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Wednesday, November 23, 2011

Do things we do in a virtual world count as our deeds?

This is a dilemma surely faced by all of us these days. It has become increasingly hard to avoid the virtual world. It draws us in through Facebook, chatting, texting and an increasingly complex and realistic array of video game systems and devices. The problem is not only staying in touch with the real world and our actual life, while that is in itself a problem. All these things are addictive. Just like cigarettes and other drugs, they are meant to be addictive, designed to take over and draw us in. How far do we let them take over our lives? It is our life, one that we are undoubtedly answerable for. Can we let entertainment take over?

The other matter worth much thought is: what are we doing in the virtual world? If we are raising horses and buying sheep, or trying out skydiving, it seems harmless enough. Provided we can bring the same amount of energy to our real lives. But if we are gunning down people, engaged in warfare, acting out brutal and bloody acts, we really need to ask ourselves. Is this allowed under the guidelines Islam gives us for living a righteous life? Would we feel ok doing the same acts in real life? If the answer is NO, why is it ok in a simulated situation that looks and feels real?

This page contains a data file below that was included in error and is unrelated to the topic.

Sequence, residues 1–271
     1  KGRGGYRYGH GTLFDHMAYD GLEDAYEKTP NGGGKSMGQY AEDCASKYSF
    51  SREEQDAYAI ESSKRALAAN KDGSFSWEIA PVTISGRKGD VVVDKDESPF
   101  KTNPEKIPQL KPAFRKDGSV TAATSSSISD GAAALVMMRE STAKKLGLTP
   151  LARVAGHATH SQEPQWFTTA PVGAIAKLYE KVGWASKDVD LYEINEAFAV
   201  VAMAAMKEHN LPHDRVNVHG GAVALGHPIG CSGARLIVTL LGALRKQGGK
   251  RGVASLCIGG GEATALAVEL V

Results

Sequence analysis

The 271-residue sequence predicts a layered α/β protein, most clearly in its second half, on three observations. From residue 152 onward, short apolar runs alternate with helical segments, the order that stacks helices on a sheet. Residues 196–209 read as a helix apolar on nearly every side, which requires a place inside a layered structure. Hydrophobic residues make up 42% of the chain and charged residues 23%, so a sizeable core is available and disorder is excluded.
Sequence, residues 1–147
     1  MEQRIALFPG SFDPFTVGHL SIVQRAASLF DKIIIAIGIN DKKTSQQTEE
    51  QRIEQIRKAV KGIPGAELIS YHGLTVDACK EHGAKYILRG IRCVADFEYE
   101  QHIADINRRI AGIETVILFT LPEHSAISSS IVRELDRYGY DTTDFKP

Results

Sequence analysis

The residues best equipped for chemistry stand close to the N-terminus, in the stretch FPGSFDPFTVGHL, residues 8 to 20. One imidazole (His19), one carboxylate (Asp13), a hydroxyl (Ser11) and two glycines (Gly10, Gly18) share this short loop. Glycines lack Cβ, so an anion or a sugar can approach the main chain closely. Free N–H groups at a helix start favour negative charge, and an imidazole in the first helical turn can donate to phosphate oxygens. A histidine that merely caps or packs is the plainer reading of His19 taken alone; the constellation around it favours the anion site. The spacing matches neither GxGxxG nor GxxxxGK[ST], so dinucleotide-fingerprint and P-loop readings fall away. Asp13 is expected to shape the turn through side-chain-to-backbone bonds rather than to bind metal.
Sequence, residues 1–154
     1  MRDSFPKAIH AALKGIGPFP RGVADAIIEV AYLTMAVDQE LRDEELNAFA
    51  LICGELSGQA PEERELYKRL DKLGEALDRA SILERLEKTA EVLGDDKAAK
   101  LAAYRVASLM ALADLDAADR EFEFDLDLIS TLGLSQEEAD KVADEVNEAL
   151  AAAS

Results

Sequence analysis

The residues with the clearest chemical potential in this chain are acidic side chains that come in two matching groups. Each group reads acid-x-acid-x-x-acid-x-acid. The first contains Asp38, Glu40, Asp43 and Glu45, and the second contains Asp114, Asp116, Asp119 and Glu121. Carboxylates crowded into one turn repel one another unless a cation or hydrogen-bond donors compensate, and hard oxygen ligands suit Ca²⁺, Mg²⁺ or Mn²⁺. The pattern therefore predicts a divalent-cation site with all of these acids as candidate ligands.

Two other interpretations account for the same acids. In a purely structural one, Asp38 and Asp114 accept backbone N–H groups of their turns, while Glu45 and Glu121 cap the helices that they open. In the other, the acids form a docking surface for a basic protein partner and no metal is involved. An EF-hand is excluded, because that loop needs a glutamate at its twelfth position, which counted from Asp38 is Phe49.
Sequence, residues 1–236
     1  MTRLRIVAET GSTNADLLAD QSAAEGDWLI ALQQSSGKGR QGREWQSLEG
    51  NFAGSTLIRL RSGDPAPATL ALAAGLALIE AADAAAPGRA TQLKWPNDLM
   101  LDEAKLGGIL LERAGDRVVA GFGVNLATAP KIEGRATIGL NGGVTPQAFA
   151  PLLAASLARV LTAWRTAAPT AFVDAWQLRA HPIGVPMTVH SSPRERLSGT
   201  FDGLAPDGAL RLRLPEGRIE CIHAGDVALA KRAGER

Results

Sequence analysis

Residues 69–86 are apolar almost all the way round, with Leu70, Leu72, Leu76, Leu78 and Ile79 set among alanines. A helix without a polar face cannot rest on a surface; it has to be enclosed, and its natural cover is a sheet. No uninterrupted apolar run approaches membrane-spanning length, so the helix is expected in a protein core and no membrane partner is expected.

Sadly, I know of too many kids who have Facebook pages they are too young to have, whose parents buy them Teen and Mature rated games that they clearly should not be playing. Does our responsibility as parents end in the virtual world? If we would not buy our kids guns and let them run around with them, how can we let them be 'virtual assassins'? These games are not like a movie watched once and forgotten. They are played daily for long periods of time. How can they not affect a developing personality? Do we really need 'studies' to tell us what is right or wrong? Is our own brain, our conscience, not enough?

So many questions, burning questions, that need answers as future generations spill blood and guts on a computer screen. Where are the answers?

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